This past weekend has been a very stressful one. We have put our house up for sale and we are in the middle of negotiations for buying a new one. Everyone knows that buying and selling a house is one of the most stressful things that you can do in life, along with getting married and a death in the family. Offers have been going back and forth, offers have come and gone. One minute it looks as though we will be the proud owners of two houses (and two mortgages) and then the next minute it looks as though we will be on the street with no house to call our own. We have spent the weekend by the phone, spent the nights tossing and turning wondering what the agent will say next time she calls. I will the phone to ring so that I can know what is happening, but at the same time I dread hearing its shrill tones echoing through the house. I wander around the house, picking up pieces of cat, tutting when Mr. DBM spills his coffee on the carpet, tweaking the towels so that they are “just right”. Things are still very much in the air, the offer on our home has just been withdrawn and we are still waiting to hear back on the offer that we have presented on the house that we want to buy.
Today has not started well either. Last night high winds tore through the Lower Mainland. Now Mr. DBM has to deal with a commute where roads are closed due to fallen trees and major intersections are clogged with traffic due to non-functioning traffic lights. I am walking around the house with a lantern as the power keeps cutting out. Every time it comes back on, phones beep, the fax machine whirrs and trills and the smoke detectors wail. One cat is hiding under the bed and the other is demanding that I fix the weather so that she can go out to terrorize the local rodent and avian populations. I have given up resetting all the clocks and the house is now filled with strobeing lights of red and green, all telling me that it is 12 o’flashing clock. I am writing this on my laptop, since at least it is independent of the main power supply and does not keep shutting down. I suspect that this might be the fastest that I have ever written a blog post, since I have to get it done before the battery runs down.
But let’s start getting realistic here, let’s start putting things into perspective. At least I have:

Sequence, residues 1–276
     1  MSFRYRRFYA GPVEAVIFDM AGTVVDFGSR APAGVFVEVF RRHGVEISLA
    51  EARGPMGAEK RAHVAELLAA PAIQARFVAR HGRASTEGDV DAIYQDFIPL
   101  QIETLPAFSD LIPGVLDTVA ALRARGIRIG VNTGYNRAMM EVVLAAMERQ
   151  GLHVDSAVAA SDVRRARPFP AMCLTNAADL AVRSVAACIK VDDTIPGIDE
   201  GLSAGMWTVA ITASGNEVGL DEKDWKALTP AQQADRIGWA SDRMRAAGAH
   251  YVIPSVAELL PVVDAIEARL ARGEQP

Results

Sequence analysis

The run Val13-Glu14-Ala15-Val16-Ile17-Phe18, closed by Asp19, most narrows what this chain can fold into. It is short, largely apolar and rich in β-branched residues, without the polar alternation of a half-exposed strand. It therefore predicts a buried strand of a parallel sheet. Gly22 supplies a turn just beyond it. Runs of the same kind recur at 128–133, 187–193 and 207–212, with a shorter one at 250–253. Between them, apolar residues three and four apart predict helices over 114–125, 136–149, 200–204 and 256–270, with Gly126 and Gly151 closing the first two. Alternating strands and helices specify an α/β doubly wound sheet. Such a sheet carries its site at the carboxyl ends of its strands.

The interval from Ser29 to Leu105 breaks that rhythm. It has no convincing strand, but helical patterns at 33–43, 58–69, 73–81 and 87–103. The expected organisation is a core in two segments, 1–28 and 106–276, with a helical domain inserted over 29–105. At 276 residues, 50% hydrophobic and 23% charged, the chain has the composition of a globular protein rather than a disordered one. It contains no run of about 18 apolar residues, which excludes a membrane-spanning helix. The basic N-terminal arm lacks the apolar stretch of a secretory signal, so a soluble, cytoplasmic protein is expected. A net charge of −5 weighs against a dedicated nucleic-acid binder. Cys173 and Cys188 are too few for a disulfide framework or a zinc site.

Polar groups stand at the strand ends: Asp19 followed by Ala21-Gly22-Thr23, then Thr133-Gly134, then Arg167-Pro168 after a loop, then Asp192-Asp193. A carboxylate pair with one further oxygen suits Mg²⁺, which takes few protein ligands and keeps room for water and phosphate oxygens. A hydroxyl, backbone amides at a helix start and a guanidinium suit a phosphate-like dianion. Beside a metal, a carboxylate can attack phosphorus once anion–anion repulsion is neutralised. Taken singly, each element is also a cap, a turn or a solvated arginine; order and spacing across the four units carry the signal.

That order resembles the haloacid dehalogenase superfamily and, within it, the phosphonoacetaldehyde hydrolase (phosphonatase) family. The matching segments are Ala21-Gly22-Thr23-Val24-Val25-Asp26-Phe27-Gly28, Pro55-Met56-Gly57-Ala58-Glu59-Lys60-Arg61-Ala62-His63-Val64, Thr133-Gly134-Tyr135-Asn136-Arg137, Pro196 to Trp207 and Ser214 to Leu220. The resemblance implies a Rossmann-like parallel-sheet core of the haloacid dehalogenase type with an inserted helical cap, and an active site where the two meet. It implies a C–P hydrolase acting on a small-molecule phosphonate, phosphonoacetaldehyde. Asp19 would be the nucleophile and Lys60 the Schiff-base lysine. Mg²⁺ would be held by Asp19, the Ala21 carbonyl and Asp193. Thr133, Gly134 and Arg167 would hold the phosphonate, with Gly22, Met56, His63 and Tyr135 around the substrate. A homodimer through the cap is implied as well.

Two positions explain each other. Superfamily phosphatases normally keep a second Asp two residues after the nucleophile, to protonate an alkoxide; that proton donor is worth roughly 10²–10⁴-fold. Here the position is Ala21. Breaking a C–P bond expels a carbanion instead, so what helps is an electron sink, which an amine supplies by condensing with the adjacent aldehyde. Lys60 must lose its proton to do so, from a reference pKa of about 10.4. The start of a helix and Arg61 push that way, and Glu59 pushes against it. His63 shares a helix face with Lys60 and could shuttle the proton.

- a home to sell, to keep clean and tidy, with a warm, comfy bed in which to try to sleep.
- the option of buying a new house.
- electricity to lose.
- a husband to share my miniscule trials and tribulations.
- food to eat and water to drink.
- my life.
At least when I hear wailing, it is the sound of my fire alarm and not the wailing of a woman who has lost her child, lost her husband, lost everything. The shrill tones of my phone and the trills of my fax machine are not the cries, sobs, moans or last wheezing gasps of a poor soul trapped beneath the rubble of a collapsed building. The blackness of my house is but a momentary lapse in my electricity supply, it is not due to tons of rubble that now entomb me leaving me with little hope of ever seeing light again.We sit here in our safe, secure houses, with all our material possessions around us, spoiling our pets with treats and worrying about getting a few tangles out of their fur. Now, I am not saying that we should feel guilty about this, I don’t think that we should, but we can put our trials and tribulations into perspective. Nothing that I have experienced has ever been as stressful as a tsunami or a 7.2 magnitude earthquake. I have never lost everything, I have never lost everyone that I love, I have never lost hope.
What can we do to help the people of Haiti? Sitting in front of the TV and weeping along with them is not going to help. Sympathising with their plight is not going to help. Travelling to Haiti with a couple of blankets and a box of Cheerios is not going to help. The best thing that we can do for them is give money. Give money to charities that do know how to help, that can provide these people with some of the essentials that they need so desperately in a timely manner. So, I am joining in with the Bloggers for Haiti, as seen on blogs such as EnglishMum and Baino’s Banter. EnglishMum is asking for donations for ShelterBox, a charity that sends aid in the form of survival boxes for victims of such terrible natural disasters. You can go to their website to see what you are contributing to if you chose to donate to this charity. There are, of course, many other worthy charities that are making a difference in Haiti, such as The Red Cross or Unicef. I don’t care who you give your money to, I don’t care how much you give, just give what you can. I just heard on the news of a five year old boy giving his $10 pocket money to a Haitian relief fund (as to why any five year old needs $10 in pocket money is an entirely different post), surely you can’t be outdone by a five year old, can you?
Oh, and one more thing – Zellers, you should be ashamed of yourself. While I understand that returning Canadians have been through a traumatic experience, they are out of Haiti, they have homes to return to that are full of clothes, food and all manner of creature comforts and luxuries. Their “struggle to deal with the ordeal has just begun” is nothing like the struggle being endured by Haitians right now. If you want to donate $200 to one person, donate to a person that is still alive in Haiti, that desperately needs all the help that they can get, that won’t be back home in a few more hours.